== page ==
Moral Dilemma

As some of you know I work as a computer technician. Part of my job involves setting up ADSL service for customers. Well I got to work today and I found out that I am going to be reinstalling service for a customer…who had to move suddenly after it was disclosed in the National Post
newspaper on Saturday that he was a Serbian paramilitary officer who was convicted in abstentia of torturing and executing Croatian prisoners during the Bosnian war. Unfortunately I have no choice but to do the work. My question is how do I assuage my conscience after helping him out?

Keith

I guess maybe I don’t understand all the circumstances here. It seems to me that there are two things you can do:

  1. Can you refuse to supply your services on principle? I don’t think your job really does require you to make this man’s life easier in any way if you feel it’s wrong. Surely your company can send someone else if need be. Talk to your supervisor about it.

  2. Don’t assume that because he has been tried and convicted in absentia that he committed the crimes of which he’s accused. It does seem possible that he’s simply an easy political target since he’s no longer in Croatia (or Serbia, for that matter). War is messy (understatement) and everyone wants to be able to point fingers at the evil people responsible for the suffering. Just because fingers get pointed does not mean they’re aimed at the right people.

If you do need to serve him through your job, you might even ask him about it. See how he reacts. It’s not every day you’ll be able to be face-to-face with an accused war criminal. You have a unique opportunity to make your own judgments, based on personal contact rather than filtered through the media.

If you really are convinced he’s done wrong and want him out, can’t you now disclose his address and phone number to interested parties? You’ve got the information. Fish or cut bait, as they say.

Just do like all other DSL providers and have the service go down, inexpliciably, for 15 days out of the month. Then offer him dail up software as a backup… if that isn’t revenge I don’t know what is.

Your company provides service for Mr. X. Somewhere down the road, you find out that Mr. X is heavily rumoured to have killed his business parter. The police know about it. It is up to the police to investigate Mr. X, this crime, and any possible connection that he may have to it. If the police arrest Mr. X, he is convicted, and sent to prison, you have to stop giving him DSL service. If not, he’s just rumoured to have done something.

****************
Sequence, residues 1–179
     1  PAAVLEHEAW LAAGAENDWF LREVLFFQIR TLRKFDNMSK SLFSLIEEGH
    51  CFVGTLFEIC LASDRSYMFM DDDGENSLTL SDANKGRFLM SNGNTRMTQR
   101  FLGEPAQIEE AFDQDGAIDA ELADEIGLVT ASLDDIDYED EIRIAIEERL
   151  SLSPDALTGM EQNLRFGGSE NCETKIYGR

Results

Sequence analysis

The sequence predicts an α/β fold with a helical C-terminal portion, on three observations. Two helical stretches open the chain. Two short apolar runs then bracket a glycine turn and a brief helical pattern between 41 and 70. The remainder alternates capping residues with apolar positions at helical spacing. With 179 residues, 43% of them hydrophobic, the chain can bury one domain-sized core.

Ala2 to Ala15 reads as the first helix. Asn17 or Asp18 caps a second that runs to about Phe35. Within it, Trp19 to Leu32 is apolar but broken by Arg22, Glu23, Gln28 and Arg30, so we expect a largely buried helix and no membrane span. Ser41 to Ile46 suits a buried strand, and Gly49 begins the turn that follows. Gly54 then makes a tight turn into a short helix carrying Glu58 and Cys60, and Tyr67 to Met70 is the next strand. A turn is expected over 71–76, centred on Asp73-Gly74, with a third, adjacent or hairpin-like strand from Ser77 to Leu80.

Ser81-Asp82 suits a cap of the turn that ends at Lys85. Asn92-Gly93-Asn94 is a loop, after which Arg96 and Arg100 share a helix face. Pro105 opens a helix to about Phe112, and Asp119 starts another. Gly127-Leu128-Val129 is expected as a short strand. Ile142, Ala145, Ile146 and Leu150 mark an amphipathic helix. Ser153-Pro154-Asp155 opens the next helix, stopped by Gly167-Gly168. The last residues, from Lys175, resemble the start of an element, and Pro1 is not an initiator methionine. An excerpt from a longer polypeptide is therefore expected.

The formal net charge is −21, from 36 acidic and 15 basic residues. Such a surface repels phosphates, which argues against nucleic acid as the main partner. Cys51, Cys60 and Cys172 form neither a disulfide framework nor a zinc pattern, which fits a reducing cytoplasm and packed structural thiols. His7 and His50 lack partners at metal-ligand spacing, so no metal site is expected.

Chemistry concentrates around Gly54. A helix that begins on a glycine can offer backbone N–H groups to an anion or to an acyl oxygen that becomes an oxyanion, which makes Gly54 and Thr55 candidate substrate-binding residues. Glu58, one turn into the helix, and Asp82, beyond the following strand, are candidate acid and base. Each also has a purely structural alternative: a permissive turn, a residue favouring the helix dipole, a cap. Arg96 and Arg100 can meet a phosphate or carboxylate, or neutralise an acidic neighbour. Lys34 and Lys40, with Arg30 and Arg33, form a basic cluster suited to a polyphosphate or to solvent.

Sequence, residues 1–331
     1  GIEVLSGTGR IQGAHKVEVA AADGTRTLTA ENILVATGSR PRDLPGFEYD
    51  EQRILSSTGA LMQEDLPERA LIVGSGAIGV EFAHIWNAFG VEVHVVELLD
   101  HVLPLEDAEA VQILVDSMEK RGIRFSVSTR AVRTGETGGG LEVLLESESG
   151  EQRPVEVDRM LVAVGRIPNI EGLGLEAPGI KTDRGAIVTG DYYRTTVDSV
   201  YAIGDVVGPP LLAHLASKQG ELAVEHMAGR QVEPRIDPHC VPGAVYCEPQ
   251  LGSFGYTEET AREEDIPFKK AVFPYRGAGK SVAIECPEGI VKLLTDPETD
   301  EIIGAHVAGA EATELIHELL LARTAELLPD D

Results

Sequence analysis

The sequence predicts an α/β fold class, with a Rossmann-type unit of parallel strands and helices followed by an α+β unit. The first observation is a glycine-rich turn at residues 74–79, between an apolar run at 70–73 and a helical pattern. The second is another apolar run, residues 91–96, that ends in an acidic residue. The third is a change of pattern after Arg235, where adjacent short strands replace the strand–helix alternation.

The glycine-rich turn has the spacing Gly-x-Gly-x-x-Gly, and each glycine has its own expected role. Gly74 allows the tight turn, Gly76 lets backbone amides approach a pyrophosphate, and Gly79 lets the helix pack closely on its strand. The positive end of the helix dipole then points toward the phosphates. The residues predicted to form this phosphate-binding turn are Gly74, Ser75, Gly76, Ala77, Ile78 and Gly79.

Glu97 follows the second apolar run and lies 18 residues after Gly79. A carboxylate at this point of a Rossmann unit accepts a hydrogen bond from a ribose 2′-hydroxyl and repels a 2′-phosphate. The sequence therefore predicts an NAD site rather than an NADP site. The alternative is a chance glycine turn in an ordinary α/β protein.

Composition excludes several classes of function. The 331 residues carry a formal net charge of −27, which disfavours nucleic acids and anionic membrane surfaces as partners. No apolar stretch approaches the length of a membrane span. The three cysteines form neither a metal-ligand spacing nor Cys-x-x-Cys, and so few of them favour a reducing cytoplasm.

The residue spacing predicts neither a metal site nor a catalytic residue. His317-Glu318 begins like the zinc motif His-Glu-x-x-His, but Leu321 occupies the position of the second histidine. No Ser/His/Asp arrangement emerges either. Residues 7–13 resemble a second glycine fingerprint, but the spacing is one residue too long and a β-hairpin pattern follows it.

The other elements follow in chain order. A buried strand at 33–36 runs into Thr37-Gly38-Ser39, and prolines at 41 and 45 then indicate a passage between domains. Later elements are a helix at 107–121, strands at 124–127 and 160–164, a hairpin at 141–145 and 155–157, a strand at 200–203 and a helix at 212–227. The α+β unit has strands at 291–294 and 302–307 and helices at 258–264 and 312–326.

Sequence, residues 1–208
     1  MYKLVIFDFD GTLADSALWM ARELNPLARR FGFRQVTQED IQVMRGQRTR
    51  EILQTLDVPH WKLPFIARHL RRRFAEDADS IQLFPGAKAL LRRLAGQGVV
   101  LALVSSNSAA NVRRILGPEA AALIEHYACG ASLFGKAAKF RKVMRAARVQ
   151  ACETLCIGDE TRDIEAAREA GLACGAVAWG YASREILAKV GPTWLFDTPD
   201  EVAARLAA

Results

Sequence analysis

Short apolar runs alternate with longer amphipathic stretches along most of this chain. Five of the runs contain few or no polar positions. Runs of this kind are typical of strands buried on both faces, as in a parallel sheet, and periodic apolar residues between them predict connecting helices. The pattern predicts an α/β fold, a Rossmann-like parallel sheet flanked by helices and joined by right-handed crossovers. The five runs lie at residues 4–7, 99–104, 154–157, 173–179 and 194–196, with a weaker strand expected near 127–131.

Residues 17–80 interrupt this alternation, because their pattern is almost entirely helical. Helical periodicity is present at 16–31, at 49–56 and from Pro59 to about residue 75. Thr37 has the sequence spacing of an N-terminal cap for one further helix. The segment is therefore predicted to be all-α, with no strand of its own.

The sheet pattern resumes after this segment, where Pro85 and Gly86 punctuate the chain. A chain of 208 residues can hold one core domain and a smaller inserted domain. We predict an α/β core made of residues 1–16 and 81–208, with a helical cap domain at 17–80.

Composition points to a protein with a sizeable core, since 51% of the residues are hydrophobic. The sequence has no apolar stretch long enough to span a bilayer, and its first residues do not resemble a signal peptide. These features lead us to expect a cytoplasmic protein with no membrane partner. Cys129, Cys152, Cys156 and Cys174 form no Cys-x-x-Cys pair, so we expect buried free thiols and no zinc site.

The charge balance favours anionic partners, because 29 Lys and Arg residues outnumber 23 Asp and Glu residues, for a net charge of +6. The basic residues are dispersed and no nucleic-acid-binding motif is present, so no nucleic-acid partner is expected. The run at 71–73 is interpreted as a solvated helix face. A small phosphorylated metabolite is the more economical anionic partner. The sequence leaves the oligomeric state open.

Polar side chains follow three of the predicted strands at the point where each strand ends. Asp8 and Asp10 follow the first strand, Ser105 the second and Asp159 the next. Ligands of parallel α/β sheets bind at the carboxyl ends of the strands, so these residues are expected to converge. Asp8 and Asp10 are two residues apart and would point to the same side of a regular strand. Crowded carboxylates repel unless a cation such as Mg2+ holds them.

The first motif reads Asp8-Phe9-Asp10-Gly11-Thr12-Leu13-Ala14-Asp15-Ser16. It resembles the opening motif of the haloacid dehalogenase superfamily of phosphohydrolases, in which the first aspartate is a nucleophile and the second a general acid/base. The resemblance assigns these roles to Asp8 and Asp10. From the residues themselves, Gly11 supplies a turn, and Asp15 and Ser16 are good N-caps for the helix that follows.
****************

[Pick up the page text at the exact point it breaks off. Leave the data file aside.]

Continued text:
I know that this example may reduce things beyond their true scope, but that’s kind of the situation you’re in. This guy may or may not have done these horrible things. He was convicted in absentia so, he couldn’t have defended himself. The Canadian government knows about this guy and it will be their decision to deport him, or not. I would continue to work with him until that decision is made.

I tend to give people the benefit of the doubt. It usually works out, but it can bite you in the end. I liked Beadalin’s #2 point. So, I’d probably keep working with him, IMHO.

[hijack]
Am I the only one that can’t stop thinking of Paulie Walnuts saying “He killed 16 Czechoslovakians. He’s a f*cking interior decorator.”
[/hijack]

bore him with a long install process, and when he walks away, share his entire HD.

That is, if you want to be mean. Don’t do anything else- the script kiddies will do the rest. They are so 1337 with their mad Skillz!

The down side is that you will probably have to visit him again.

Is it possible that this is just a guy with the same name?

On the other hand, if he -is- the guy, and he -is- guilty, you probably don’t want to fuck with him. Tell your boss your concerns, he may understand. Then again, your boss may be a bastard. I would certainly be freaked out by your situation.

Well I got lucky…this afternoon he cancelled his install, I guess he realized having his kids broadcasting his location over the Internet might not be a good thing.

Keith